Tech

July 17, 2013

NASA’s DC-8 flight helps validate new technologies

Numerous instrument probes protrude from NASA’s DC-8 Airborne Science flying laboratory as it flies an instrument checkout flight.

NASA’s DC-8 airborne laboratory has flown Earth science missions for more than 25 years. The converted jetliner recently carried several instruments testing new technologies that could aid those missions, Global Positioning System accuracy and aviation safety in years to come.

One such instrument is the High Definition Sounding System comprised of dropsondes using long-range telemetry. The instrument was developed by Yankee Environmental Systems in western Massachusetts and funded by the Navy, NOAA and a Phase 1 Small Business Innovation Research grant through NASA’s Ames Research Center at Moffett Field, Calif. Eight soda-can sized sondes were dispensed during flight, sending back data on pressure, temperature, humidity, winds and sea surface temperature.

Next phase of the dropsonde study will be flown in September on several NASA WB-57 flights when up to 96 sondes per flight will be automatically dispensed at high altitude. This research, which includes flights on NASA’s P-3B flying laboratory, is leading up to installation on a NASA Global Hawk for the 2014 Hurricane and Severe Storm Sentinel mission.

A second technology study flown on the DC-8 had two parts, the first of which is related to airline safety. The prime task was to demonstrate the real-time measurement of radiation on aircraft, transmit it to the ground via satellite link, incorporate the data into global radiation models and distribute it to users – all within 15 minutes. Space Environmental Technologies is mapping radiation doses over Earth and at different altitudes. The company, which received real-time data during portions of the DC-8 flight, will provide a system for the commercial airline industry to monitor severe radiation from solar flares for global aviation safety.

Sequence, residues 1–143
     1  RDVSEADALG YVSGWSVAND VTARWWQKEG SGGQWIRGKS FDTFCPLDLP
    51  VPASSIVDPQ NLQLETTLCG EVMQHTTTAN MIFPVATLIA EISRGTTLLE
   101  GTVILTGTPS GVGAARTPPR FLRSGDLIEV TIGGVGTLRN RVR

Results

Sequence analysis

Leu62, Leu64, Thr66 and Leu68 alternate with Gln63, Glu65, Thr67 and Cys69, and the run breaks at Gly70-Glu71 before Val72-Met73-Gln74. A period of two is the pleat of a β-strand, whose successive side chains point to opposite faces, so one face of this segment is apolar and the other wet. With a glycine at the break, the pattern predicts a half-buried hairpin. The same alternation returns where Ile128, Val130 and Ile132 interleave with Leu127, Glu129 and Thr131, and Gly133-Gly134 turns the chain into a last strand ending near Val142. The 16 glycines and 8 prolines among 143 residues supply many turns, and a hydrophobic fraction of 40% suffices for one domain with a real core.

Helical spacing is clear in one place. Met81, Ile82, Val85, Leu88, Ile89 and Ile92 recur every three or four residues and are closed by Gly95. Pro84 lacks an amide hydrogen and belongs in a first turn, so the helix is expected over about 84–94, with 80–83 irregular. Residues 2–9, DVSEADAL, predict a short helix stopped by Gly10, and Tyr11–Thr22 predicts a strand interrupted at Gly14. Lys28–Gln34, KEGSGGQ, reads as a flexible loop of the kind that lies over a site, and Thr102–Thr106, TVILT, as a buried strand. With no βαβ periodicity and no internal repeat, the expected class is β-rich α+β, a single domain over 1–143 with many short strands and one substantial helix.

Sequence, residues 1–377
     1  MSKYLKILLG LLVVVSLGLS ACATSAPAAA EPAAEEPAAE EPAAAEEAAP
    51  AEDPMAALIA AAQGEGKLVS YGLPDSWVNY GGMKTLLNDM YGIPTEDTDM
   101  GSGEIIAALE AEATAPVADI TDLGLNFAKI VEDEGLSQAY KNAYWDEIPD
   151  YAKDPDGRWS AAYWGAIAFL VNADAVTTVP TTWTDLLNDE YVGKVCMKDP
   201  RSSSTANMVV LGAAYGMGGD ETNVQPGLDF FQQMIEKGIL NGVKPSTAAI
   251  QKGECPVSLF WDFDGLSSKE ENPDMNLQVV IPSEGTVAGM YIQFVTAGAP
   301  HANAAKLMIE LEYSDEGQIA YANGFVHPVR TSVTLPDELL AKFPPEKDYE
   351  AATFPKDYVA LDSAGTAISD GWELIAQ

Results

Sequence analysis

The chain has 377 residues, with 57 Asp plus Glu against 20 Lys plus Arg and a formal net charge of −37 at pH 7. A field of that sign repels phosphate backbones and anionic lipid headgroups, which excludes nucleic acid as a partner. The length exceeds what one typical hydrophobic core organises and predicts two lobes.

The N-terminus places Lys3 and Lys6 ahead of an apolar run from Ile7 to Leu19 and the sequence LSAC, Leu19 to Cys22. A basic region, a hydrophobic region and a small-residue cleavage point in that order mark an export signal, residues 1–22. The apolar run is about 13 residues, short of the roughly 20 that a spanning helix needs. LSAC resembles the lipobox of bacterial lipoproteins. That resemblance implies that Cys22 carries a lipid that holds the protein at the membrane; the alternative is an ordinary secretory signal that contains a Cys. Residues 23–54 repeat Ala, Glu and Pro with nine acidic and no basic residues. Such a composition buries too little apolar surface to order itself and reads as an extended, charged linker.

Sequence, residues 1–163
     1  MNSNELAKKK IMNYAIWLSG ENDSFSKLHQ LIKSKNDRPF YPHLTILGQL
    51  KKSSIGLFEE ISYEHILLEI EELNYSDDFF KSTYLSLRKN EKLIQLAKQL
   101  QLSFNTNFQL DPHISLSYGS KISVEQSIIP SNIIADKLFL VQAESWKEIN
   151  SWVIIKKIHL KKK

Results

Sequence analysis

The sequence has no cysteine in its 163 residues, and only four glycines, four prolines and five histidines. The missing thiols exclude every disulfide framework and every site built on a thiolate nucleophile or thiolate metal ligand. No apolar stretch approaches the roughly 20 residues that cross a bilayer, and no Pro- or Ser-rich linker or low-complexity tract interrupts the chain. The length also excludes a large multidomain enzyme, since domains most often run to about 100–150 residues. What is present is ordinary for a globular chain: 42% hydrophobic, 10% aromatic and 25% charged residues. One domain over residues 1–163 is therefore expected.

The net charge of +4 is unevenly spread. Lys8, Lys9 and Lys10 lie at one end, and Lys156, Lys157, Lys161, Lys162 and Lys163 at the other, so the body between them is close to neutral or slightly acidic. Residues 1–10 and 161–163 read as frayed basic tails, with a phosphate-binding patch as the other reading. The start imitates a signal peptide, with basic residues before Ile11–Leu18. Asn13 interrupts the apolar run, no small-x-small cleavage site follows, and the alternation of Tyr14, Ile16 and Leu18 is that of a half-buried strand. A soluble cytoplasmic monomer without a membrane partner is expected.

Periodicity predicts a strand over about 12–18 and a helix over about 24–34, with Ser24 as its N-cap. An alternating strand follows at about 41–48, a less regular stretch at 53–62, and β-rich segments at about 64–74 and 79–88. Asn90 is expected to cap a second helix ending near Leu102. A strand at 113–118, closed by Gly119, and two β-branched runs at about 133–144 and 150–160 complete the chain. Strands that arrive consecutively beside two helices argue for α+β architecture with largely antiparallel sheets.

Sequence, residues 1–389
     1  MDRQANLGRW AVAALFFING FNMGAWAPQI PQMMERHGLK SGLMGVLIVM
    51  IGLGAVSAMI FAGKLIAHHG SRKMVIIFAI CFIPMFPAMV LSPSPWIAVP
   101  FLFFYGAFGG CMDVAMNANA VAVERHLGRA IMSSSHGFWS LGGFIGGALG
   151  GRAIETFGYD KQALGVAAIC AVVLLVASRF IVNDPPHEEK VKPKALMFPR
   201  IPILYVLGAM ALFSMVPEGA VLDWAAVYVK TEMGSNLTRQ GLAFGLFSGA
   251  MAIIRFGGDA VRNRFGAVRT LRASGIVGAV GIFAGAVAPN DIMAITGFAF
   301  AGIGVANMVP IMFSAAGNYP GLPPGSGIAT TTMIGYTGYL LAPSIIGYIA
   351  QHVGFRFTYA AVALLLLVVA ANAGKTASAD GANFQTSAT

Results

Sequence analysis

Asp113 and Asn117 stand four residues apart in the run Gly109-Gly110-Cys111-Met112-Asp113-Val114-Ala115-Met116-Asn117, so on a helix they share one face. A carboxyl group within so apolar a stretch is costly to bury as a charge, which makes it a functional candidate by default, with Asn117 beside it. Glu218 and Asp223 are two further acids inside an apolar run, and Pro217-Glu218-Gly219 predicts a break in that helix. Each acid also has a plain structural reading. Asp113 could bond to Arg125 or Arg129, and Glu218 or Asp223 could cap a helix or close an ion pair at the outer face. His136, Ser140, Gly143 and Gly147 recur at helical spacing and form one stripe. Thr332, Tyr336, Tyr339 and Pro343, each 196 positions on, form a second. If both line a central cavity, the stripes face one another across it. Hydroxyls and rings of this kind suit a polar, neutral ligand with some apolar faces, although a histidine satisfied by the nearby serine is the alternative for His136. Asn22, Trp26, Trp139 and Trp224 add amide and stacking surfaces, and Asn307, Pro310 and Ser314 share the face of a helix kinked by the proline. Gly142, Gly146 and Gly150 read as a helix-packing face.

Mark Beaubien, (left) of Yankee Environmental Systems, and Lee Harrison, of the State University of New York at Albany, prepare to dispense a soda-can sized dropsonde from NASA’s DC-8 flying laboratory.

The second part of this study was conducted by Atmospheric & Space Technology Research Associates of Boulder, Colo., producers of GPS receivers. Company instrumentation collected longitude and latitude data as the system made ionospheric, or upper atmosphere, measurements. The company is exploring whether it is feasible to measure scintillation, or GPS signal fluctuation, from an airplane.

 




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